ley, which was the original of these several opinions of the whole body of the Me- * On the. Methodist Excommunication at thodists fixed by “ An Official Com- Flushing," under the signature of Sabrinus, pendium?" Most inconsistently with adopted in the former volumes of this work, the plan he recommends, speaking of by the late much-respected Rev. W. Severn, John and Charles Wesley, he says, of Hull. ED.
103 quainted with the former volume of nothing but stability and immortality, to sermons, (M. Repos. I. 31 & 93.] by convert this earthly happiness into Heathis truly Christian preacher, we should ven.” Pp. 262, 263. think it unnecessary to do more than The following passages are extracted announce the present publication. from the series of sermons on Christian They kuow what to expect, and they Perfection. will not be disappointed. Simplicity
“ We must propose to ourselves an exand godly sincerity, upaffected earn- alted standard if we mean no more than to estness in the cause of religion and
make a moderate progress. virtue, benignity and zeal in happy “ Every man's experience may be apunion, speak in their proper language pealed to, how much in all affairs, and through the whole volume. The name particularly in those of religion, our designs of Baxter has often occurred to us in ordinarily surpass our execution. We prothe perusal of it; for like the works of pose great things; it is but little ones we that very impressive preacher, it perform. In the most enlarged views, with abounds in affectionate, practical ap- the most intense desires, with the most elepeals, ardent expostulations, and that ambition of our souls stretching forward
vated purposes, with all the ardour and persuasiveness of address which is sug towards perfection, if we make no specdier gested, and therefore recognised by progress in the Christian character, and the heart. We no where detect an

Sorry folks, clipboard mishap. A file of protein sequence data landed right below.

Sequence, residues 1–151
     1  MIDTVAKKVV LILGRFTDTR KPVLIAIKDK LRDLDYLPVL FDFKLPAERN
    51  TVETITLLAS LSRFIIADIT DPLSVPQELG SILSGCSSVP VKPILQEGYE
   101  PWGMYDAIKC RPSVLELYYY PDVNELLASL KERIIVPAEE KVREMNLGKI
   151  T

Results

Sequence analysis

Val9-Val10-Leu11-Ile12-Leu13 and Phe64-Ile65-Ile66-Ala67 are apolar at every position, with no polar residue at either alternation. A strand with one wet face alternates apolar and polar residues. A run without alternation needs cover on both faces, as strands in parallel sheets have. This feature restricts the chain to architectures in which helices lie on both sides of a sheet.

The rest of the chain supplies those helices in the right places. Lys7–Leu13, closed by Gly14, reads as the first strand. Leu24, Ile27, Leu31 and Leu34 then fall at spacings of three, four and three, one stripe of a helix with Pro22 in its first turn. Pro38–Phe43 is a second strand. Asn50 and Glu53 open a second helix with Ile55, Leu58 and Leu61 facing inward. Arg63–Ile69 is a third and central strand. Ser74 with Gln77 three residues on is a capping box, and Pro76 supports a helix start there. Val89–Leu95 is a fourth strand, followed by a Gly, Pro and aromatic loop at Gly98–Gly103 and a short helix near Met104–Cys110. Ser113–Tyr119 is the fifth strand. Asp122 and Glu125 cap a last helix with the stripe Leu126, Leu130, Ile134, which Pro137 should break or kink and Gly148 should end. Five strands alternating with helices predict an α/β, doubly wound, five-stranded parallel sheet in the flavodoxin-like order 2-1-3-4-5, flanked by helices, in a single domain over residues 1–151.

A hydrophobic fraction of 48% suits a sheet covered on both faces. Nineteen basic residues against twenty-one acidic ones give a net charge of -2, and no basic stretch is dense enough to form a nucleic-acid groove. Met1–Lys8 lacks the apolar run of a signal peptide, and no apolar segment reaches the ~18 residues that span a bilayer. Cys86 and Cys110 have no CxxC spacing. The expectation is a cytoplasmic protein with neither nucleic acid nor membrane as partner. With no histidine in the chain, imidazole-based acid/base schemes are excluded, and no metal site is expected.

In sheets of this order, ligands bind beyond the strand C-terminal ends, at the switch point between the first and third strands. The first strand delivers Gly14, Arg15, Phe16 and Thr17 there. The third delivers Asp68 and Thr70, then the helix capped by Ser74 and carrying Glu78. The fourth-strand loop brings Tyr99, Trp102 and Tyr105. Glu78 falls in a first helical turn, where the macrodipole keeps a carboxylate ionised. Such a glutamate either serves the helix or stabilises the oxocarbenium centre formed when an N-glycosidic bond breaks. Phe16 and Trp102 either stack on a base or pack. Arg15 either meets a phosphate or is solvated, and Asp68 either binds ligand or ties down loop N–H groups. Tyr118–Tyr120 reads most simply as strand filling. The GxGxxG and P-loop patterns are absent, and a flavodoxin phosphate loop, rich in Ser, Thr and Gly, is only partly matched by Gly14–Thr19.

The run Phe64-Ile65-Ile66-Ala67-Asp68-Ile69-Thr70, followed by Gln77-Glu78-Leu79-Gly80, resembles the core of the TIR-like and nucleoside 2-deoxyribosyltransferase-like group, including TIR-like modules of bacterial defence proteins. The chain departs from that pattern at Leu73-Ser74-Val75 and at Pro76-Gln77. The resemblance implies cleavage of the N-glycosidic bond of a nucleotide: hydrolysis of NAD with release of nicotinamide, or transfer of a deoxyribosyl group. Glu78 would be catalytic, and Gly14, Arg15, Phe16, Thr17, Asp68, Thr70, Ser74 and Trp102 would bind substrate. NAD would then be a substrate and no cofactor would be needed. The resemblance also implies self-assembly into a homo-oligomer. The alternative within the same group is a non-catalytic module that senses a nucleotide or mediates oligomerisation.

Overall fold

our progress is liable to so many interrupendeavour to win admiration or extort tions, disgraced by so many failures, what applause by ornament or artifice or would be done, how much less could be labour. The author appears to have expected from narrow views, from grovellost sight of himself, his thoughts and ing purposes, from cold desires, and faint feelings wholly occupied by the gran- endeavours? To rest content with the afdeur and importance of his subjects; such a degree of self-complacency and
tainments we have already made, bespeaks and the serious reader can scarcely self-confidence as bodes very ill to our pafail to lose sight of him too, attending tient continuance in well-doing; it besolely to the matter and objects of his speaks much of that pride which goeth headdress.
fore destruction, and of that haughty spirit For the sake of such of our readers which precedes a fall.” Pp. 115, 116. as may not be acquainted with the “ Departed hours, and neglected tapreacher's manner, we insert the fol- lents, are like departed and neglected lowing specimens of his devout oratory. friends. When they come to stand upon In one of the sermons on the final Con- the margin of the grave, when from the sequence of our present Conduct, he bed of death, they look back upon their
forepast life, and on their former talents, thus pours forth his convictions: